The Jimny is the archetypal mountain goat – hardy and able to go almost anywhere. Can the latest one continue the tradition and add some finesse?
On the road
On the road
It’s fair to say that the Suzuki Jimny is unique in the UK marketplace, because it’s a small, robust 4x4 with iconic boxy styling and go-anywhere ability to match the best in the business.
This is only the fourth generation of Jimny, which is incredible for a car that will next year celebrate a half-century since the first one was launched.
1. There’s no other car for even double the price that prompts so much conversation. Everyone seems to know what it is and wants to know what it’s like.
2. Our test car was a fairly subtle colour, but the Suzuki can carry off a bright yellow with ease.
3. An annoyance with many three-door cars also afflicts the Jimny – the front seat doesn’t slide back to where it was set after being tilted forward for rear access.
The new car’s remit is that it “crafts together simplicity, functional beauty and 4WD technology” for the benefit of both off-road professionals and city users. It’s a tiny, and lightweight little car that’s actually 30mm shorter than its predecessor, although it is 45mm wider and 20mm taller. The styling takes plenty of cues from past Jimnys, including the round headlamps with stand-alone indicators, vertical openings in the grille and the rear light combination, which has been moved down into the bumper to allow the rear door to open wider.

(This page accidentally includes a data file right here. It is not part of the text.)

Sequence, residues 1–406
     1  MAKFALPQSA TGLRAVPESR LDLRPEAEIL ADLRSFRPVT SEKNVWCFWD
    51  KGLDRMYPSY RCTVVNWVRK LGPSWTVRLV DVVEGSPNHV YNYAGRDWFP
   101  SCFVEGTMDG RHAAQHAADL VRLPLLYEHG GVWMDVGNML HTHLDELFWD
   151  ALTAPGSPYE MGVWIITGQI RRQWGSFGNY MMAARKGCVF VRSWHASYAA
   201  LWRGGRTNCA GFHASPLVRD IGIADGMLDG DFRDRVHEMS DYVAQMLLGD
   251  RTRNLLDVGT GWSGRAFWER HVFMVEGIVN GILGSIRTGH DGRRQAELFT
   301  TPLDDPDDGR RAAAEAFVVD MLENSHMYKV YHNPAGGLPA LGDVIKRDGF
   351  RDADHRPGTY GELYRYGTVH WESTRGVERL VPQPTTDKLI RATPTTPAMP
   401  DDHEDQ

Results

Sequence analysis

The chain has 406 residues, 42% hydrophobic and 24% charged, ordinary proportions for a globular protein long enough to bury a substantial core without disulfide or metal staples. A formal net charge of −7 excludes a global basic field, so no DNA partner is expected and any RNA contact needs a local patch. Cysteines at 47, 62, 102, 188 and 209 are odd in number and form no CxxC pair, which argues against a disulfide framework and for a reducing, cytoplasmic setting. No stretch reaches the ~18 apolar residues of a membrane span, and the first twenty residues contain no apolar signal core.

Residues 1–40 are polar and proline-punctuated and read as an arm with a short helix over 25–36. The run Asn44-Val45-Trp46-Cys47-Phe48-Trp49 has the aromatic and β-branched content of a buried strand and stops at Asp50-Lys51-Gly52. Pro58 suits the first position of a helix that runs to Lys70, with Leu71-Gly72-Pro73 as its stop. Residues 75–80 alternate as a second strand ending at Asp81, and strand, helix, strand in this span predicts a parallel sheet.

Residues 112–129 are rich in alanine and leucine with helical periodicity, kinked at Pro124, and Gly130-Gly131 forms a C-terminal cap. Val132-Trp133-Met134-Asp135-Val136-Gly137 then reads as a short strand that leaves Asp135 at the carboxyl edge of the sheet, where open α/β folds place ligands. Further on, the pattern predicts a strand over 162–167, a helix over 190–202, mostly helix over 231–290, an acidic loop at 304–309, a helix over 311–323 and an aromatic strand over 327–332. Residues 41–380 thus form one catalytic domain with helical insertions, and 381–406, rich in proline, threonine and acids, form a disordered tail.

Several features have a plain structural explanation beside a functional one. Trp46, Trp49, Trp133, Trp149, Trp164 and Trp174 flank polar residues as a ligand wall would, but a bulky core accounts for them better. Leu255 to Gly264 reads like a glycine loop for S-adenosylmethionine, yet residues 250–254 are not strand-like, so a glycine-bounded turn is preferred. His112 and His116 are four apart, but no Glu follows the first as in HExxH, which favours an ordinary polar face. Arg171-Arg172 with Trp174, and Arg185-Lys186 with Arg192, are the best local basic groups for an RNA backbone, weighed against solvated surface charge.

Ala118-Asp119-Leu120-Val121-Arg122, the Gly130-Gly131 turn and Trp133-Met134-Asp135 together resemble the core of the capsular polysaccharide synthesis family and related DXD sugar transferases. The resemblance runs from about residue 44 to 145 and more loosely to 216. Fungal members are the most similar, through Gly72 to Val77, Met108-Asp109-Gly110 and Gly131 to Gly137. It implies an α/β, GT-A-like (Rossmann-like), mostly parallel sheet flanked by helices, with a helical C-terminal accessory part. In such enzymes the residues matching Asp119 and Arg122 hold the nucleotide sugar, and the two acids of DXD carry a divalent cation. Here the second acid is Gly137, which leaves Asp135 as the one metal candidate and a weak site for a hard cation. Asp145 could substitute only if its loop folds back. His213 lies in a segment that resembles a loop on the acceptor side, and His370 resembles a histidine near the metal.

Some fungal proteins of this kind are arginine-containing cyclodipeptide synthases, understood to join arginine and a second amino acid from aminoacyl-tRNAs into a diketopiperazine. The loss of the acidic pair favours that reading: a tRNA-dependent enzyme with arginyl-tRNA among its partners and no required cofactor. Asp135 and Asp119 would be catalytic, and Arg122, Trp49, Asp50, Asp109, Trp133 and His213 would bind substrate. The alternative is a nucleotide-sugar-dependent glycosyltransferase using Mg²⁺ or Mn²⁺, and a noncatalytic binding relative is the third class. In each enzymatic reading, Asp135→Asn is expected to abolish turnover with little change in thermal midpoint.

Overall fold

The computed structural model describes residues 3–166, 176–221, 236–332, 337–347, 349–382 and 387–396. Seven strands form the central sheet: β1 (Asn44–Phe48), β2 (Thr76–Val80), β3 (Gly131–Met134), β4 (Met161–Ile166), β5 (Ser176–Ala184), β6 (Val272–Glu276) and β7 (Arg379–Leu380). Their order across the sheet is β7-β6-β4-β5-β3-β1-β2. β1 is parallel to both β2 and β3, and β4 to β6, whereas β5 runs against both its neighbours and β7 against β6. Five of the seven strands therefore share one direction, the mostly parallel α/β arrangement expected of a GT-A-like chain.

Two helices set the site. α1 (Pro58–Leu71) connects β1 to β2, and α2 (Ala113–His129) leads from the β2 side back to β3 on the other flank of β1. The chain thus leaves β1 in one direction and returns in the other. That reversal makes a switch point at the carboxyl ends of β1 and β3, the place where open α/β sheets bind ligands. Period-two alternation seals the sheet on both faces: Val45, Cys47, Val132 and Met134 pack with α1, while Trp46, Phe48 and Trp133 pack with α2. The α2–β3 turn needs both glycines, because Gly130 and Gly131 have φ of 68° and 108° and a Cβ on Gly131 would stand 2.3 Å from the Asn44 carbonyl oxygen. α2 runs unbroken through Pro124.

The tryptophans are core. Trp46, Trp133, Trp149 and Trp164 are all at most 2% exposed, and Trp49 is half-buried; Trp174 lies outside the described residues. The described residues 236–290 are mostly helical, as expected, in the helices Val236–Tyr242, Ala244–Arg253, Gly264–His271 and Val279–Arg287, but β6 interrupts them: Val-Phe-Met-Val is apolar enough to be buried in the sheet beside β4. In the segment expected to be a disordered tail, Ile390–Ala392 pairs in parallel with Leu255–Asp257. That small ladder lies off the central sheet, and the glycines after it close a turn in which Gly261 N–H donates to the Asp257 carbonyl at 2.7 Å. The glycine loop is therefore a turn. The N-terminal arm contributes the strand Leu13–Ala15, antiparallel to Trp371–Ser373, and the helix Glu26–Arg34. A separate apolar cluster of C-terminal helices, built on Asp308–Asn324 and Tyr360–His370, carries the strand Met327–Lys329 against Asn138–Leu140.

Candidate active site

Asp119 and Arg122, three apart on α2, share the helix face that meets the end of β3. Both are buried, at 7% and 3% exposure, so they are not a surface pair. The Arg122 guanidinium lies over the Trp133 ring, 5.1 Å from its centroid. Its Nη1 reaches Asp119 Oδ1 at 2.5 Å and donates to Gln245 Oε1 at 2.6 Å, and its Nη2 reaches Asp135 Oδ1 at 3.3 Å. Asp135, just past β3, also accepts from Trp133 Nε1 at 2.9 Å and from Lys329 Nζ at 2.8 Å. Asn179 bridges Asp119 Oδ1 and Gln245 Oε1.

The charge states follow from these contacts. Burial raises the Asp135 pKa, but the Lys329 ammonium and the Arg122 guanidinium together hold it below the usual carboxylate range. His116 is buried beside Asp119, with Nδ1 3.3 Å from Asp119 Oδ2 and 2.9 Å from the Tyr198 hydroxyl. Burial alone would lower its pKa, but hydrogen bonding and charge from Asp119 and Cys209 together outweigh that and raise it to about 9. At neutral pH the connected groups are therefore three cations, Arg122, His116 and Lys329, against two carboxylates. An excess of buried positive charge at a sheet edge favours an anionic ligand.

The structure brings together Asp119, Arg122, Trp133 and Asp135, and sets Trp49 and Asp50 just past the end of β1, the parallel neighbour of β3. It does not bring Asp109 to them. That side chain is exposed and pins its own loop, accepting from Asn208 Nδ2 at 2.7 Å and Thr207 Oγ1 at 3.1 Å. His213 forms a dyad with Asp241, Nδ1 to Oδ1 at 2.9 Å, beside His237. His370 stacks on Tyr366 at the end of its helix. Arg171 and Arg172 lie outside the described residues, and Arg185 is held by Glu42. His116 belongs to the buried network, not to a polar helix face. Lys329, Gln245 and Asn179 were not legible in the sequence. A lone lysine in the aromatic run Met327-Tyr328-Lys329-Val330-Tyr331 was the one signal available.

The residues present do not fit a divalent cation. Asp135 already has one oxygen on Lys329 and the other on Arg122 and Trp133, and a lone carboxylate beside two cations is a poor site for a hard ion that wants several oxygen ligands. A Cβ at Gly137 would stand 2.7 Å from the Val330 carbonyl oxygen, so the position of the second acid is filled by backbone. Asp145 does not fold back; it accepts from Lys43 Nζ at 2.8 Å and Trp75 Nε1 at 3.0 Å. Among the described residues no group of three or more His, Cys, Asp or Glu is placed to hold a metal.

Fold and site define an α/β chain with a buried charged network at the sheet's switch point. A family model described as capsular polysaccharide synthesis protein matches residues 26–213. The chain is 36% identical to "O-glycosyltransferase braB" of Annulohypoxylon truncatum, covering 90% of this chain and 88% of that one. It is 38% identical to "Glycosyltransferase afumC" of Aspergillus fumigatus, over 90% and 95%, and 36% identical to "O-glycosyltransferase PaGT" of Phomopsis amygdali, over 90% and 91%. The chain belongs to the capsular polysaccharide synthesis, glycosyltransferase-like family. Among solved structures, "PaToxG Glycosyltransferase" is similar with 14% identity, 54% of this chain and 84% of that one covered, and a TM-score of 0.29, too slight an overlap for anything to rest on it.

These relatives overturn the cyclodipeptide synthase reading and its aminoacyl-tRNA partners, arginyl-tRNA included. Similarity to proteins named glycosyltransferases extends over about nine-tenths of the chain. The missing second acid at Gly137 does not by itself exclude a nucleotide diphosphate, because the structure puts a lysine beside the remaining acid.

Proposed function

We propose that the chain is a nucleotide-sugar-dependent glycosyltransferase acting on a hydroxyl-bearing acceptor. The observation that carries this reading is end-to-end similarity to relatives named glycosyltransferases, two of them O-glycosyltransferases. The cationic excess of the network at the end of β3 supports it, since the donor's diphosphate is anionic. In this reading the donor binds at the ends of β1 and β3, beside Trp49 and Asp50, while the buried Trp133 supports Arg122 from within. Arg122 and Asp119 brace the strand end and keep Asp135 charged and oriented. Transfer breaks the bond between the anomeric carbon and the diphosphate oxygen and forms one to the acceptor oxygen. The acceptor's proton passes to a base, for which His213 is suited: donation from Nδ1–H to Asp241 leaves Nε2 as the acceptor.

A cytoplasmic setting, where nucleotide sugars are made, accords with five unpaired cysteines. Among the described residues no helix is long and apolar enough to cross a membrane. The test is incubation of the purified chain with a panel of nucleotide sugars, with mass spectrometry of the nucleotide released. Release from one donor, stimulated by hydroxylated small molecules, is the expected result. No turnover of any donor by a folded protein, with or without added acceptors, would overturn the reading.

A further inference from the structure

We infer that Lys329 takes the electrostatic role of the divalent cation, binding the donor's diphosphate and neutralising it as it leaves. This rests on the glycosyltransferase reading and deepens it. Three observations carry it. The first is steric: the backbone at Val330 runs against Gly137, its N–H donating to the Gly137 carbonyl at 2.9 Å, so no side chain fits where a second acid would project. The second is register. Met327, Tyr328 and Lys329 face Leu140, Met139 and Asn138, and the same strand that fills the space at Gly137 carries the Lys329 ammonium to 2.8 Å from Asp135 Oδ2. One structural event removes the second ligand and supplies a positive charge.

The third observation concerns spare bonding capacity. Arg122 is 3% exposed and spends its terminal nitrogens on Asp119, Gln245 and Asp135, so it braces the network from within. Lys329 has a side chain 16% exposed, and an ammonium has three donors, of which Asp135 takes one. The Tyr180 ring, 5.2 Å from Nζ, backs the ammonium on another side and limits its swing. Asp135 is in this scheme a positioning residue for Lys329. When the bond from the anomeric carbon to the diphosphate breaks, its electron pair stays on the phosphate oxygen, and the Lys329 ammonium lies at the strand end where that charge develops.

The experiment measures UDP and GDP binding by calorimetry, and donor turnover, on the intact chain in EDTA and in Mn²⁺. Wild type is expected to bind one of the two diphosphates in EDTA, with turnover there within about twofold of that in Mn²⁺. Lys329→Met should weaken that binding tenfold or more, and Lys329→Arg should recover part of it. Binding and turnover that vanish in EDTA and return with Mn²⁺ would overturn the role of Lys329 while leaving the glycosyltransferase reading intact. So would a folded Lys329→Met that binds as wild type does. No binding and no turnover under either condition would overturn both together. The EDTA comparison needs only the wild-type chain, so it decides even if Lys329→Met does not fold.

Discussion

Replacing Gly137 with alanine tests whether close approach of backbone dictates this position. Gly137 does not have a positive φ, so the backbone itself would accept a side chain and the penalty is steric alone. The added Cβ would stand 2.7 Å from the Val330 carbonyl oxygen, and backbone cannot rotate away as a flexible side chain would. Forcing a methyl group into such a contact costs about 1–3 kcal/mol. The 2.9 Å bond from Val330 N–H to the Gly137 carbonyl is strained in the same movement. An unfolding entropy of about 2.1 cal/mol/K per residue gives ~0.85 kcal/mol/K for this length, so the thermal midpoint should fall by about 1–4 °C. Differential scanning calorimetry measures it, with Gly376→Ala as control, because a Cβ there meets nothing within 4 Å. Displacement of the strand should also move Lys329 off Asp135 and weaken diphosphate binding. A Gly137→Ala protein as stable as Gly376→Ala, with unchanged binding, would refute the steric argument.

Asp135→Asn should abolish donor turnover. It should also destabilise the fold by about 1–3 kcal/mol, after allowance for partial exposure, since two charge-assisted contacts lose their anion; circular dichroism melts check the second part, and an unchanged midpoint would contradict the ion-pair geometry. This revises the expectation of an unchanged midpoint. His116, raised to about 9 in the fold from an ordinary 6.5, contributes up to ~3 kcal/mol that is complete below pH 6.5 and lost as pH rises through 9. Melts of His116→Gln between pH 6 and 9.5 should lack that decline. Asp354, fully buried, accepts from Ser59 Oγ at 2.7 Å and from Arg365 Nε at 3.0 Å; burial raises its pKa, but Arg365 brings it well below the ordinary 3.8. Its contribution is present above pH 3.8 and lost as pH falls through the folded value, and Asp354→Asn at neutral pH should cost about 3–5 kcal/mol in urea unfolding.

The looks are a real return to form after the more anonymous third-generation model, and the new car oozes character and likeability; it’s one of those rare cars that attracts universal enthusiasm. That overriding emotion seems to make some of the flaws more forgiveable in the eyes of many, with practicality and on-road performance below that expected of more mainstream models. But we’ll get to that shortly.
The range is very simple, in that there’s only one engine choice and just two trim levels, while there is the option of a four-speed automatic gearbox on the higher of the two, alongside the five-speed manual.
The power comes from a new 1.5-litre 101hp petrol engine that has an emissions figure of 154g/km on the manual. This compares well with the 85hp unit powering the previous Jimny, which emitted 8g/km more. The automatic gearbox adds 16g/km, as well as £1000 to the price tag, so is probably best left alone.